The Plattsmouth journal. (Plattsmouth, Nebraska) 1901-current, June 30, 1919, Page PAGE THREE, Image 3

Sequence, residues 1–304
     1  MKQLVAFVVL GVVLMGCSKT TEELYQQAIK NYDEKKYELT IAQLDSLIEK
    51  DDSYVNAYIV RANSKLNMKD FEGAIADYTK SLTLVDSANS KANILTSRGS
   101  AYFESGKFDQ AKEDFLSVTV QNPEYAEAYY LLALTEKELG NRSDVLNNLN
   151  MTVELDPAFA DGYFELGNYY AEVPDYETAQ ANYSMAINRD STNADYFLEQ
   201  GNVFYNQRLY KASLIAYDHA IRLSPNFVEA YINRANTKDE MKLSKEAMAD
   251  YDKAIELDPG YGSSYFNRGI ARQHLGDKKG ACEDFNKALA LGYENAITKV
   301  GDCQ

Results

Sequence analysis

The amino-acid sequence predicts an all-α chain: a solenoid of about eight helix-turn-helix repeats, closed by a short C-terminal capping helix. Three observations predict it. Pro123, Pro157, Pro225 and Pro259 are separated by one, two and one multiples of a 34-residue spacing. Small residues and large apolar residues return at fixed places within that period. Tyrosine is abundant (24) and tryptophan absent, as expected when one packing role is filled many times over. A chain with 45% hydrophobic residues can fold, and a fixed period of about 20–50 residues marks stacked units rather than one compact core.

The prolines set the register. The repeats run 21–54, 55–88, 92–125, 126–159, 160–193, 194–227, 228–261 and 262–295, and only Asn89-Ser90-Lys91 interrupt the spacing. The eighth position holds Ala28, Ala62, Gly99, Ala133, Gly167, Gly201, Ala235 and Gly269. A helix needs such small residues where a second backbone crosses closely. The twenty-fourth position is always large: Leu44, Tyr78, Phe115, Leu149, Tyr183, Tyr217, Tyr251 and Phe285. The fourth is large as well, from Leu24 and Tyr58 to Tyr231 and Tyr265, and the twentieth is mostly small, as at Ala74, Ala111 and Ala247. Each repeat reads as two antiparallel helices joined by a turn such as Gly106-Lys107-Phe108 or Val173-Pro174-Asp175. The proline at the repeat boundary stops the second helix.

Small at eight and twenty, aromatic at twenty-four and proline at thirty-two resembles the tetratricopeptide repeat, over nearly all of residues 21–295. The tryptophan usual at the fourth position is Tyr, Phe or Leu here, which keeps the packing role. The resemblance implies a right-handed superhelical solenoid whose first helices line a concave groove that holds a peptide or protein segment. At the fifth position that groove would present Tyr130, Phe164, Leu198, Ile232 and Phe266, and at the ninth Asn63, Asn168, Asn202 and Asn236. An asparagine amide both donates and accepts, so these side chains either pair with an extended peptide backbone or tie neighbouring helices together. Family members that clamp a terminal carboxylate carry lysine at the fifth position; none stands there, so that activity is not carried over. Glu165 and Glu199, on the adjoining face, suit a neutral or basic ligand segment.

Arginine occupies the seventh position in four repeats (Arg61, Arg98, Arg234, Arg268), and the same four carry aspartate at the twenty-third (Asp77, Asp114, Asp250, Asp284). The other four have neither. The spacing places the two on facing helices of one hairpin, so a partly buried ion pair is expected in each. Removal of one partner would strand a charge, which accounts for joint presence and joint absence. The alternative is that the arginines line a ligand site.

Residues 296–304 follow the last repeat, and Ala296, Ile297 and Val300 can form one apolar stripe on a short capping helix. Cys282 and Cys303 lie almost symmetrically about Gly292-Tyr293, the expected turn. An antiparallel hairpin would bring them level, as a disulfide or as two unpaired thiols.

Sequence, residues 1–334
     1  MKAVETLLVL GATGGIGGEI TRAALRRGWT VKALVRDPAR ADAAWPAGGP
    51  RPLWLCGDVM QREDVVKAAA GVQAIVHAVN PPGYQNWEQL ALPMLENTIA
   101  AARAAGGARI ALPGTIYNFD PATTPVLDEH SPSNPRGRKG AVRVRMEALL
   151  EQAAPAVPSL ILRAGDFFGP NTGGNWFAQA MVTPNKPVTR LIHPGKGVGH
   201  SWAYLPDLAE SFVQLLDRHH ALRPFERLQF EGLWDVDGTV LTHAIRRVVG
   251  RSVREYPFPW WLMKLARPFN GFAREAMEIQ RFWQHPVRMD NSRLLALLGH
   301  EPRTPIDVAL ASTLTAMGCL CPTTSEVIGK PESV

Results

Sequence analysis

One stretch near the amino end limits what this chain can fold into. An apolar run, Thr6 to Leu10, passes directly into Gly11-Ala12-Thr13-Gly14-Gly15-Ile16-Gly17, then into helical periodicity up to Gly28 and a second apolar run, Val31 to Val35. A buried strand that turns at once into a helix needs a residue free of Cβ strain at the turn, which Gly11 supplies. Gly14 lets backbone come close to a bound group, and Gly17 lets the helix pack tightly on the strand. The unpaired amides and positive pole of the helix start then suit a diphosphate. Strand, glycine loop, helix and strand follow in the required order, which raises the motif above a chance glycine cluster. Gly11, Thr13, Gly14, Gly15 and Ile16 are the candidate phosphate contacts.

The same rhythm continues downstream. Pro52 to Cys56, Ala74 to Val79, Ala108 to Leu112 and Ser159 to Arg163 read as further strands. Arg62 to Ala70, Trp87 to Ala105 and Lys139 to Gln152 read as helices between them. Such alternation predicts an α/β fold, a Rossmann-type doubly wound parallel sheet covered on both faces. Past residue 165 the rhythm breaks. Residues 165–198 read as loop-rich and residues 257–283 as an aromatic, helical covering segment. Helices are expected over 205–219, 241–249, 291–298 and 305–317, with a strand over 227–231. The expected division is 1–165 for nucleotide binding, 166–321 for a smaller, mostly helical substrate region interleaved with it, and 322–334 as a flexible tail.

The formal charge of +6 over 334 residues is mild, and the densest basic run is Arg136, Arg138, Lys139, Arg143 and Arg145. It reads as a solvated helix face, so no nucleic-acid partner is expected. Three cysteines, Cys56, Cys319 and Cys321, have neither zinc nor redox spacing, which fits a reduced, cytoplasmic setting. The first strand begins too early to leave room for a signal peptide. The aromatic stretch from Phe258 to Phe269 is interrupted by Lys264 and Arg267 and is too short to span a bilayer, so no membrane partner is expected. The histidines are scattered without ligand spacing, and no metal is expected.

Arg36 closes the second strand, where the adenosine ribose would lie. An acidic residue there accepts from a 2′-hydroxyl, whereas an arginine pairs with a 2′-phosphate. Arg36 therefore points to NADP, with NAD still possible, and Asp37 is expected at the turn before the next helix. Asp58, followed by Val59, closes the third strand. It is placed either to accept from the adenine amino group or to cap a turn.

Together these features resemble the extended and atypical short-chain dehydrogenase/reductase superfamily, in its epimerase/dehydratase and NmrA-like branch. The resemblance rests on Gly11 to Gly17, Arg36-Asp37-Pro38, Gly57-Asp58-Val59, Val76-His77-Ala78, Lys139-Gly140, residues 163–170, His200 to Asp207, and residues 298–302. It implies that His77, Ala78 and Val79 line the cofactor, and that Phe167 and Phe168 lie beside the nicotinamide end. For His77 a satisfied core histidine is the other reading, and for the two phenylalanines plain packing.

tCITD-ii. TlTZvZ- cC. 1513. K m or n W K a f H if i K K M U 1 if EE GET STEADY. GET READY to give yourself a big treat this summer. GET READY to help your family to enjoy the delights of the Chautauqua. GET READY to entertain your out of town friends during the Chautauqua by invit ing to come and spend the week with 3 ou. GET READY for the joy of it. Trouble van ishes in he wholesome atmosphere of the Chautauqua. GET READY lor the enthusiasm. The Chau tauqua is a tonic. It turns the blood red der and puts "pep into yoar system. GET READY for the uplift. The Chautau qua program invites you to higher ground. They cure the hide-bound, the brain . bound and the heart-bcund. r READY Season Ticket Now! OVER THE COUNTY LOUISVILLE Courier (Jlt-n Pnrs-y left Sil'iani Spring. Ark.. Monday tn visit f.;r with his puj-ots. Karl Quirm v as down from !;t.i ley Lit unlay ami failed at the Courier uci. .vKim Kentschlr came dow;i from Omaha for an over Sunday vis it wirh his family. " Mr. at!'! Mrs. Sam Iaird left la st Saturday fur We.it htrby. My., for a i;t with relatives. Mrs. Karl Mavfield went to Lin- c oh; Monday for a we k's visit v.ii h relatives and friends. M. L. Friedrich was up fro;n Plattsmouth on" day lust week and called at the Courier office. :!!.,- K'.i-M.ti. Spi(?. ul ITve ImcIc h:js been visit insr rein i i v und lrieiids 1:1 and around Louisville. Chester Merrii-.ni drove to Omaha on Monday with a load of hogs for John Gakemeier. living west of Louisville. Ralph Twiss is in the country do ing some painting and decorating : t the new farm home of Mr. and Mr.-. Ian Schoeman. Mr. and Mrs. Sam Laird left for Missouri Mondav where they will vi.-'it for a week or ten days with Mr. Laird's parents. Mr. and Mrs. Herman Hall and little daughter, of Manley. were vis itors in Louisville Monday, combin ing business with pleasure. Mr. and Mrs. Howard Jackmun are home from a two weeks' trip to Oregon and Washington. Th?y report a most enjoyable trip. C. A. Riojiey. accompanied by his isoii-in-la w. J. D. Creel, were down from Omaha Monday looking after business matters connected with the pottery. County Surveyor Fred I'attersnn was in town Mirtday doing some sur veying for the village preparatory to draining the mud hole at the foot 'of Cherry street. Henry Ossenkop has purchase. the two eighties of land owned by :.m: in: Do Not Sell or If qecessary to dispose of them bring them to this Bank and we will pay you the highest New'York market price. Also let. us explain to you how you may receive par for your Bonds. The Bank of Plattsmouth, By Buying a William Lehnhoff. The price was $300 per acre, which is a record price for ljnd in this vicinity. y Mr. and Mrs. William McCarver and family have moved from Louis ville to Norfolk, where they will make t lit ir home in the future. The best vislies of their friends accom pany them. Mrs. Iouise Gaebel. who is at th- M. E. hospital, recovering from a recent operation for appendicitis, is making excellent progress t wards recovery and will soon be able to return home. ' Miss Floy Tremain. of Malcolm, a former teacher in the Louisville schools. ias gone to Washington. 1. C. where she has a position with the war department doing clerical work in the insurance department. Ed Morehead. of Lincoln, was an ever Sunday visitor at the home .f ;,Irs. Mary Fitzgerald, the guest of her granddaughter. Miss Ruth Fitz gerald. Mr. Morehead is the son of ex-Governor Morehead, of Nebraska. Lrl Bailey , and 'Mr. and Mr.. jHmil Anderson, who have been .n I Chicago for treatment at the Pas teur institute will arrive home the last of the week. They were bitten by a mad dog about three weeks ago. Mrs. Claus IJreckenfeld. of Oma ha, visited over Sunday in town at the home of her parents. Mr. and Mrs. John Group, who have also been enjoying a visit from their sor-in-law- and daughter, Mr. and Mrs. Verne E. Chatelaine. Mr. and Mrs. Charles Jackman and two sons, Willard and Melvin, and three of their smaller children drove over from their farm home near Wabash Sunday to visit at thu home of Mr. Jackman's brother, A. A. Jackman and family and other relatives. Robert Urwin drove to Lincoln Sunday to visit his brother, Wil liam Urwin who is in the state hos pital. He had received a message from the institution informing him that his brother had suffered an other paralytic stroke, having had a previous one some time ago. Misses Anna Myers and Eva Wil liams, who have been holding posi tions as housekeepers in Lincoln, have returned to Louisville to stay with their parents for a few week.. Miss Myers will keep house for her ::n:::a::..p:::'n-ra':.rH::::m li ii ii i Trade Your II ii fi Cass Nebraska County, i father, George Myers, while her ! mother goes to Sidney, Nebraska, j Mrs. Frank Riester and lfttle ciaughter, Irene, visited Mrs. Louis Oaebel at the M. E. hospital in Om- 1 tha one day last week. Mrs. Riester was at the same hospital recently is n patient, having had her tonsils re moved. At the time she was then' several others from this community were patients there also. Ernest Myers, recently returned from France, but who is now sta tioned in southwestern New Mexico, where he is - undergoing medical treatment in a "government hospital is home on a fifteen day furlough. He contracted the flu while in France and it left him in a weaken ed condition. He will be retained 'n the government service until he has fully recovered. W. F. Krecklow and Charles Reichart returned home from 'Excel sior Springs. Mo., Sunday, where they spent a week taking balhs for rheumatism. The boys would ha7e remained longer but had to return to look after business matters. Wil liam Ossenkop, who spent the week at Kansas City, with his brother-ir.-law, Frank Schlater, who is in a hospital there, also returned home. 1 fr Jfc Sfi ap ELMWOOD Leader-Echo F. J. Fitch and family were Oma ha visitors on Sunday with "his moth er. Dr. C.R. Trenholmxand son, Ray mond, were Lincoln visitors on Mon day. Henry Mullen was an Omaha visi-to- on Monday to visit and on busi ness. Opal Turner and Mrs. Johiv Turn er were Lincoln visitors on Thurs day. G. M. Guernsey commenced build ing some fine porches on the F. J. Fitch residence on Monday. Grandma Turner went to Ft. Mor gan, Colo., Sunday to visit Mr. and Mrs. T. T. Turner and other rela tives. ' Orlev Clements has taken up his work as assistant cashier of the Am erican Exchange Rank beginning work Monday. Andv Carroll, of Huron. S. D.. ii visiting his uncle here. Win. Carroll. who is quite poorly with a case of heart trouble. Rev. and Mrs. Otto Klette and little son. of Tender, Nebr., spent a few dsys last week visiting at the L. F. Uhlcy home. Rev. and Mrs. L. W. Meyers and children motored down from Lincoln an Wednesday for a short visit at the E. T. Comer home. Elmwood's old time friend. Wm. Cutler, is visiting his many friend. here this week. He is the same Bill and enjoying life as usual. , Mr. and Mrs. Frank Marshall and children were down from Omaha on Sunday afternoon for a short visit at the home of Mr. and Mrs. P. J. Marshall. Mr. and Mrs. Peter Evelap.d and daughter, Nora, are spending a few days visiting at the home of Mr. and Mrs. Bocklenian, near Louisville, this week. The Eastern Star kensington was entertained Wednesday afternoon nt Uie beautiful home of Mrs. Harry Long near South Bend. J.frs. A. J. Toole, of Murdock, was the assist am hostess. A. W. Bedson and children. Mr. and Mrs. Warner Gregory and child ren and Mrs. Walker of Lincoln mo- ored to Elm wood Sunday to visit at the R. W. Green and John Turner hornets. Rev. and Mrs. Frank Lenz left in their car on Monday, going as far as Hastings that day and visiting witn Rev. E. Jannen and family. From there thev went to their home in Denver. A party of thirteen boys accom panied by Rev. Longacre hi two auto loads, went to South Bend Tuesday- evening and remained until Wednes day, where they en joyed "a hike and an outing., J. C. Dreamer has been kept rath er busy lately picking cherries and catching bees. On Tuesday he took a big swarm and now has about six nicely housed in the hay mow of his barn in town. A. C. Ferguson packed his goods and loaded them on Wednesday for shipment to Holt county near Ne ligh, Nebnrska, where he has land. He will build a, new house and put other Improvements on this land. Adam Polk, the new blacksmith, has been kept on the jump these days. He is turning out some gool work and has done ome welding and brazing .that is remarkable and has attracted considerable attention. Willard Clapp. returned the first of the week after several weeks ab sence, during which time he and hid bride enjoyed a trip to various points in the west. Mrs. Clapp will arrive later after making a short visit with her parents. Mr. and Mrs. 'Vm. Hulfish. son. Paul and daughter, Beilo, spent the day Tuesday visiting Mrs. Hulfi.sh's niece who is a patient at St. Cather ine's hospital. Her niece, Mrs. Ross Thompson, will be remembered by some as XLay Quinn, daughter ,of George Quinn, of Lusk, Wyoming. Mrs. Harvey Maddox and children and Mrs. A. W. Neihart motored to Lincoln on Tuesday to visit at the A. N. McCrory home. From there they went to the" Maddox home at Manhatten. Kas. Mrs. Niehart will visit here a short time and will then go on to St.- Louis to visit her daughter there. Frank Gustin had an accident on Tuesday afternoon that doubled him up for a while. He was cultivating where there was a lot of trees and one of the handles of the cultivator caught on a limb pulling it back and when it, was released hit Frank in the abdomen with considerable force. So Frank has been laid up for a few days. - NEHAWKA News v Joe Felthauser was up from Ne braska City Wednesday. Mrs. Henry Meyers and baby, of Imperial, arrived Wednesday morn ing to attend the funeral of her mother, Mrs! Anderson. C. Steffens and family of Lorton drove up Sunday and spent the day at the home of his son, John an 1 family. F. P. Sheldon and wife returned home from Omaha Tuesday after noon, where they had been on a business trip. Mr. and Mrs. ,R. A. Niuzmaii. Fred Carton, and family. Ed Morley and family of Avoca. visited at th home of C. Fleshman south tit tovv.i j'.ast Sunday. The office of the Nehawka Auto company recently received a coat of plaster, has been repapered and the woodwork painted. It has a neat appearance as every few days notes fome' change to the new enterprise F. P. Rose of whom mention was made in these columns of having received a broken jaw bone from a fractious mule lunging and striking him. is reported . from a Lincoln hospital to be getting along fine, and will return home soon. The D. A. R. chapter of Weeping Water held their' annual picnic ?t Nehawka. Saturday. June 111. Mei dames E. M. Pollard. G. C. Sheldon. R. C. Pollard. the Mises Evelyn Wolph and isadore Sheldon of Ne 'iawka, members of the chapter, were 'lostesses. A splendid dinner was partaken of at the home of Mrs. R. Pollard. UNION Ledger Dr. Chas. Swab was in Omaha'on business Monday. Mss Mary Austin was shopping in Nebraska City Saturday. Roy Frans was having dental work done in Nebraska City Tues day. Sherman Austin purchased a new- Ford last week from the local Ford dealers. A. L. Becker an dson Henry were transacting business in Lincoln Monday. Darwood Lvnlde is back on the mail route again after a fifteen days vacation. A number of people from here at tended the Chautauqua at Nehawka this week. Mr. and Mrs. K. D. Clark of Weep ing Water spent Sunday visiting their children here. Cherry picking time again and the fruit Is especially nice and bountiful this season. Carl and Cecile Harris, of Fort Dodge, Iowa, spent Sunday visiting relatives and friends here. King Clark came down from Oma ha Saturday afternoon to spend the week-end with his parents. Miss Mary Chase of Omaha came down last week for a visit with her cousin Miss Frances Bauer. Mr. and Mrs. H. L. Swanson and daughter Enid motored to Eagle, Sunday to visit at the Renner home. W. A. Taylor and wife went to Omaha Sunday' where thy visited DR. H. G. LEOPOLD OESTEOPATHIC PHYSICIAN Special Attention ta Dlweaae of Wonri ACUTE DTSKASKS TRE4TKD Eyes Tested and Glasses Fitted Night Calls Answered After Htrars , and Sundays by Appointment 8:30 a. m. to 12:00 1:30 p. m. to B:3f Ota tea Dlorfc I- h i e 20H Plattsmouth, Neb ! the W. N. Chase family until Mon- day. Rev. J. B. Taylor attended the Sunday School convention at Syra cuse, Nebraska, the first of the week. Mr. and Mrs. Carper of Burr, Ne braska, are here this week visiting at the home of Mrs. Carper's fath er, W. B. Davis. Wayne Lewis, who accepted a po sition in a barber shop in Platts mouth on his return home from France, and who worked there the past week, spent Sunday at home. Mr. and Mrs. John Tigne who have been making their home north of here, moved to town last Friday and are now occupying the house recently vacated by Jack Chalfant and family. Roy Gibson of Omaha is now the third trick operator at the depot, filling the vacancy created by the departure of Julius Ilolthauscn who left for Oak Mills, Kansas. last Thursday. , " Charlie Clirk, small son of Mr. and Mrs. Ira Clark fell Monday ev ening and cut" his forehead. Dr. Swa was called at once and it was necessary to take a couple of stitches in his head. Mrs. M. E. Chase and grand daughter Miss Viola Smith from Denver, Colorado are guests at the home of Mr. and Mrs. W. A. Taylor being the daughter of Mrs. Chase makes the visit most enjoyable. Mrs. D. C. LaRue left last Thurs day for Magnet, Nebraska, as h?r brother-in-law, Mr. Dodson, is very sick in a hospital. His condition wa:-: slightly improved according to the last reports, but he is still critically ill. 4- CASS CO. FARM A ( ulnmn I)rvota4l to lrfx'ul l-'nrmiutr Interrnt BUREAU NOTES M. X, Harvest Wages Set. At a meeting or representative farmers and delegates from farm organizations in Lincoln June 10th. the harvest wages to be paid in Ne braska were- fixed at 50 cents an hour and board for sheckers and pitchers and Co cents an hour for stackers. Ten hours is to be con sidered a days work. The associa tions represented at the meeting were the Nebraska Farmer's Con gress, Farmers Co-operative and Educational Union. State Grange. Nebraska Corn Improvers' Associa tion, State Farm Bureau Associa tion. State Board of Agriculture, College of Agriculture Extension Service, and the Employment Ser vice of the United States Depart ment of Labor. In addition a num ber of prominent farmers from diff erent parts of the state attended the meeting. A resolution was pnssed urging congress to repeal the'day light saving law. Poultry Problems Loom Up In Hot Weather Chickens do better through hot weather if provided with plenty of shade, says University Extension Poultrymen. It .paTs to provide artificial shade if there are no trees or bushes. Over crowding often re sults in disaster in hot weather. A coop that is large enough to hold the baby chicks will not do when they are two or three months old. Growing chicks require plenty of room. Many people obtain rom by culling the flock, marketing many of the cockerels and pullers, retaining only the vigorous birds as breeders, for these are the only ones that re turn a profit. Sowing vacant places in corn to rape or cane will offset some of the loss of a poor corn stand. Rape sowed at" the last cultivating makes excellent feed for sheep. Some farmers also follow the practice of discing wheat or oat stubble' and sowing rape. Easy To Trap Flies. One of the most effective meth ods of getting rid f flies is the fly trap. It consists of a square frame work covered with screen, with a pyramid bottom thru which the flies enter. The trap is very effective and almost bushels of flies can be caught in a summer. Full direc tions for making the trap are given in extension house equipment cir cular No. 7, which may be obtain ed by writing the County Agent. L. R. SNIPES, County Agr. Agent. WARM WELCOME GIVEN TO TRANSATLANTIC FLIERS New York. June 27. An official welcome such as previously had been according to returning cabinet members awaited Lt. Com. Albert C. Read, who commanded the first aircraft to cross the Atlantic ocean, and his associates, Com. John II. Towers and Lt. Com. P. N. L. Bell inger, wrhen 'they stepped ashore from "the army transport Zeppelin. - Commander Read expressed hi3 appreciation of the reception. i KBi'B l::a .:: ,a:i "S .! iMlM ;;.:B';.il::a ii.:S::!.;B: m if! TSRffELY Farming Implements In listed corn cultivators we have the J. I. Case Plow Co., John Deere Plow Co., and Rock Island Plow Co. In walking cultivators we have the New Depar ture and Jenny Lind; Riding cultivators, the Badger, New Century and Overland. In haying tools the Keystone, International and Emerson loaders; Keystone and International side de livery hay rakes; Deering and McCormick mowers, binders and hay rakes. Also just unloaded a car load of Deering Standard Twine that I will sell for 24c Per Pound CASH, UP TO JUNE 15TH II a t o II i i it n USED CARS I have one Monroe Roadster for $450.00; one 4 passenger Hupmobile, model 32, good serviceable car, $220.00; one 1917 5-passenger Reo, good paint, $700. J0Hr3 F. GOI3DER, PLATTSMOUTH l;!fB::rEH:B:;;:K::::2r:::B::::;s:trci;K PROMINENT mn TO TES TIFY AT TRIAL OF A. C. TOWNLEY, CHARGED WITH HAVING MADE SE IITIOUS SPEECHES. THE CASE iS PROMINENT ONE E3fendant Beni at Head of Noa pi tisar. League Gilbert is Also Charged. Jackson. Minn., June 27. Men and women of national prominence are iit W called l the defense ?.t i he conspiracy trial of A. ('. Tov.n Ity and Joseph Gilbert in district court here to g:ive their views re zardini? the patriotic or unpatriotic quality of one or more addresses which Townley, president of the National Nonpartisan leaerue. has de livered since the United States de clared war on Germany. T4ie trial of the two men charged with having conspired to advocate sedition, got well under way, with Townley president for the first time, The state called a number of wit nesses, including shorthand reporters who testified regarding various ad Irespes which Townley and Gilbert lave made since the summer of 1917. Advocated Conscription. One of the Townley addresses was hat delivered in St. Paul at a non partisan league convention Septeri- er IS, 19 and 20. In this address rownley. attacked wealth and food Drofiteers, referred to them 'as auto- rats and declared that wealth should be -conscripted to the limit. t was at this meeting United States 5enator Robert M. LaFollette deliv ered his address on the war which later became the subject for senator "IXJiTHUIKXTAMTIKS OF" TIIK B FARM LOAN BONDS ISSUED UNDEKTHE FEDERAL FARM LOAN ACT . Dated November 1, 1918 DUE November 1, 1938 Redeemable at par and accrued interest on any inter est date after five years from date of issue. Coupon bonds fully registerable and interchangeable. Denomi nation, $1,000. Interest payable semi-annually. May 1st and November 1st. Principal and interest payable at the bank of issue in exchange Approved by the Fed eral Farm Loan Board of the United States government. Exempt from All Federal, State, Municipal and Local Taxation! This exemption includes the Federal Income Tax and income from these bonds need not bo included in returns PRICE ON APPLICATION has. O. Bank of Cass County Plattsmou M m M n n ii H P il N y M ia y y H n H y -- ft! a y NEBRASKA ial comment. The prosecution iual an unsuccessful attempt to have the La Toilette speech read to the jury. Attorneys for the defense indi cated that so far as Townley's St. Paul speech was concerned the issue was a clean cut one as to whether his attack on wealth and the alleged failure of wealth to carry its share of the war burden was disloyal. Attorneys for the defense said the speech was listened to by Sen. W. K. Borah, of Idaho; Geo. Creel, chairman of the committee on public information; Rp. Jeannette Rankin of Montana; W. B. Colver, chairmau of the federal trades commission and other well known persons who spoke at the St. Paul convention of Non partisan league. The attorneys said it was probable that all of these Persons would be asked to testify regarding their views an to the loy alty of this particular address. RICKENBACHER TO TRY TRANSOCEANIC FLIGHT San Francisco. June 27. Capt. Edward ' Rickenbaeher, America's premier aviator, plans a transoceanic airplane flight, he said here follow ing his arrival from Los Angeles. "I may make a transoceanic flight," said Rickenbaeher. "and I am not particular whether it will be the Pacific or the Atlantic ocean that I cross." Captain Rickenbaeher will leave here Sunday, going to the Pacific northwest enroute to his home at Columbus, O. TE3 DELCO-LIGHT Ths coraj-lete Electric Light and Power Plant Saes time every day 10 to 20 hours per week on chores alone. ISY ROSENTHAL, Tel. D. &m)3 Omaha, Neb. X52 I'XITED STATES GOVF.nNMENT" Parmele, Nebraska'